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Biodynamics® at the dining table
Biodynamics<sup>®</sup> at the dining table

As I listen to Wendy Cook, a chef of 40 years and author of the new book “The Biodynamic Food & Cookbook,” passionately contemplate nutritious eating and sustainable living, I can almost capture the aroma of warm fennel, beetroot and Arborio rice bubbling in white wine—for which she shares a recipe. From her home in Dartington, England, Cook takes me through her garden, her kitchen and the world.

we: What makes this cookbook unique?

WC: One reviewer said it is really ‘two books in one.’ You get the whole history and culture of food and how it has affected us. It is also about agriculture and biodynamics®, which is really a link between the soil and human health. As we heal our soil we help achieve human health. Most recipes [in the cookbook] also reflect the importance of balancing animal protein (if you choose to eat it) with plants and grains.

How did you discover biodynamics® and why?

Our second daughter [Daisy] suffered from severe eczema and experienced several life-threatening bouts of asthma. Through this search for a different treatment for Daisy’s condition and a different way of life, I first practiced macrobiotics. I then discovered Anthroposophy, which introduced me to the Waldorf education and with it biodynamic® produce.

How has biodynamics® influenced the way you cook and eat?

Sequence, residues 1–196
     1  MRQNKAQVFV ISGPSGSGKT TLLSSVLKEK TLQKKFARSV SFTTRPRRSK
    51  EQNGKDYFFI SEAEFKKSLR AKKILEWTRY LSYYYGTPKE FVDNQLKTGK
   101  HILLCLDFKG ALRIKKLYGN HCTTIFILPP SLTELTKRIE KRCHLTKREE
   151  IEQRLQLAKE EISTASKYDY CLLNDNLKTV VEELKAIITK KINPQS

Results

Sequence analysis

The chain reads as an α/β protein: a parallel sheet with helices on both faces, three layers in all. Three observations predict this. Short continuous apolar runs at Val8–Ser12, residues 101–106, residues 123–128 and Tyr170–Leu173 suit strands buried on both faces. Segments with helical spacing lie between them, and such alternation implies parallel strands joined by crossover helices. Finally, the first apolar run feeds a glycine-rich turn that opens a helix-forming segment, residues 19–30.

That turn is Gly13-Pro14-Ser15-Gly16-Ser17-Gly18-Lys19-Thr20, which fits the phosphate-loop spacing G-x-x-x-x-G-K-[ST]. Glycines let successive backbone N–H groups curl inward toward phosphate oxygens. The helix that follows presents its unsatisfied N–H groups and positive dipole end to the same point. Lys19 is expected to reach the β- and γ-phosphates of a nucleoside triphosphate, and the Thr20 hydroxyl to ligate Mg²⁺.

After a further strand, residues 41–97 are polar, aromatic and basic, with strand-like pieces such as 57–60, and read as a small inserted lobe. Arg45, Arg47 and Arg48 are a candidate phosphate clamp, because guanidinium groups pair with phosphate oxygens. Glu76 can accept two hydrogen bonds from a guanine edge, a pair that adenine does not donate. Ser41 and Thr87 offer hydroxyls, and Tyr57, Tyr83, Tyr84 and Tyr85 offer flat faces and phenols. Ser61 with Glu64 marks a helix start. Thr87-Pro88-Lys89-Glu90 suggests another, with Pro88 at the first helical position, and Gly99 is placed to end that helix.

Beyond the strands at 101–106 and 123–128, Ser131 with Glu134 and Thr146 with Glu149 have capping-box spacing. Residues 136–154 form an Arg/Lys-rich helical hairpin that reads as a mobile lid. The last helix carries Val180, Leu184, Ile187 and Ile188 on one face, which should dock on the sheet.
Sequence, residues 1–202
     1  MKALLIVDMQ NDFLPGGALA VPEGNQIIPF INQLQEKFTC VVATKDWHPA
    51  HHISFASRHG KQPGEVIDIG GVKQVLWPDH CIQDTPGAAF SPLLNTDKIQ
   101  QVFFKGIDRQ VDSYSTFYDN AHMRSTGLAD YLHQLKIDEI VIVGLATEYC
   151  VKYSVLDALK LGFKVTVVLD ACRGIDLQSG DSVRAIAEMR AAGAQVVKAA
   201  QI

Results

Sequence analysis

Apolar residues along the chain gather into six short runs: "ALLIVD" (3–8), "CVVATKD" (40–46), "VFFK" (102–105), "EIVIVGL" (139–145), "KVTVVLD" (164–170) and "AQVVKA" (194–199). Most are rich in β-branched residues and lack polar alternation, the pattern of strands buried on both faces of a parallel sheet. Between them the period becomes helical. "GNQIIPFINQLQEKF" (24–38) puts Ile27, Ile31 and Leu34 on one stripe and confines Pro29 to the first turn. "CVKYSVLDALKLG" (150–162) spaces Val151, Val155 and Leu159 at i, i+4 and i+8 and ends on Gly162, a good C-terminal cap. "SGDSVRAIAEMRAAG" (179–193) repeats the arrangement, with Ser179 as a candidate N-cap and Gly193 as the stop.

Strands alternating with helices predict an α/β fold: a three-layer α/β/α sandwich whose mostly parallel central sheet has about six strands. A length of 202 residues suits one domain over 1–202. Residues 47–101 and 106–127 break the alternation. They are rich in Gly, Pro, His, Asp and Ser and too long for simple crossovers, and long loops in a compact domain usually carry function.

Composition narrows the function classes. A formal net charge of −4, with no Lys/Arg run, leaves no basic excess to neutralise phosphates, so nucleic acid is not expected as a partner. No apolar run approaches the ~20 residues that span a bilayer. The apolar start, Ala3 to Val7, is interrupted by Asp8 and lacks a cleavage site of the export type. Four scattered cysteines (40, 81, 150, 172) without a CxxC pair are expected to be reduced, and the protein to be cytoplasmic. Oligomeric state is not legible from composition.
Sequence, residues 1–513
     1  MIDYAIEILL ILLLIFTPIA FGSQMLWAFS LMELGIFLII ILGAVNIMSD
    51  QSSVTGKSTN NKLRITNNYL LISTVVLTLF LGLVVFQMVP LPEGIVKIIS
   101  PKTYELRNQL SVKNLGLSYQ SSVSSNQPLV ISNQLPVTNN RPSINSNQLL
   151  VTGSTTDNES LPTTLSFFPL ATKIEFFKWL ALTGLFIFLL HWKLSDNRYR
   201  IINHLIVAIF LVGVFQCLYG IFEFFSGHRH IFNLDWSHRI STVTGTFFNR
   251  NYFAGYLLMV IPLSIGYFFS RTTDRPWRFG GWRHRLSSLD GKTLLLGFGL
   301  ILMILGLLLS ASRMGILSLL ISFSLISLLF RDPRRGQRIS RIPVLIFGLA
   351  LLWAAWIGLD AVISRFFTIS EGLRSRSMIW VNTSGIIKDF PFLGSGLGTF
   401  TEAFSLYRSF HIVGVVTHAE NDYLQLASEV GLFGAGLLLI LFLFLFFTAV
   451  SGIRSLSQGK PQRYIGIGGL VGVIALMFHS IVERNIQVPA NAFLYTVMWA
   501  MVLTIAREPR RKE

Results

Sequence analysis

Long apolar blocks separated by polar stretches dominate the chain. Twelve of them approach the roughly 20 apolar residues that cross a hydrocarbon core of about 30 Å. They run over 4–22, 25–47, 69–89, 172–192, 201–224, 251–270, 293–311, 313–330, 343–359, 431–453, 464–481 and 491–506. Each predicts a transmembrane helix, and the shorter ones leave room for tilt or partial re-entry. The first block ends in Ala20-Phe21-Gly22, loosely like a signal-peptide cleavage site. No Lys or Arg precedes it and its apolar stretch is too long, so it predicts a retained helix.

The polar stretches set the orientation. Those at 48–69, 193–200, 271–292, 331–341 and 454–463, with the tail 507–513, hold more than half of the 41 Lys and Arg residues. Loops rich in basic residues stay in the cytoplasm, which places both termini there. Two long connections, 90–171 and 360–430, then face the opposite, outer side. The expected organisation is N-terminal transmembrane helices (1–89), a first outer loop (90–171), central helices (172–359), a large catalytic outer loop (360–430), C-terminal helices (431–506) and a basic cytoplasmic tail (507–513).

I look at what we know about plants and how they affect our bodies. The roots nourish the nervous system. The leafy part of the plant, where the chlorophyll process takes place, relates to the human lungs and respiration. If we put together meals using these methods, we will be much more nutritious. Nature gives us what we need based upon the seasons. It is terribly important to me that we look at this.

I understand that you lived in Mallorca, Spain, for some time. Did this change the way you approach cooking?

The traditional way of life in the Mediterranean demonstrates a real “art of living,” showing a true appreciation of food and eating and the rhythm of the seasons—making a two-hour pause in the middle of the day to enjoy food, conversation and siesta.

What is your primary concern regarding the modern Western diet?

Many children these days seem to be living from a diet made up of French fries and tomato ketchup—both from the nightshade family and both very acid forming. Sure, everyone likes potatoes in some form, but if you have an imbalance and consume too many, they will begin to weigh a person down. Everything is fine; it just has to be in moderation.

What makes you so passionate about cooking biodynamically?

It is a hard battle to encourage people to take responsibility for what we are doing to the planet. We need to change. Of course, the kitchen and garden are where this primal type of activity can happen.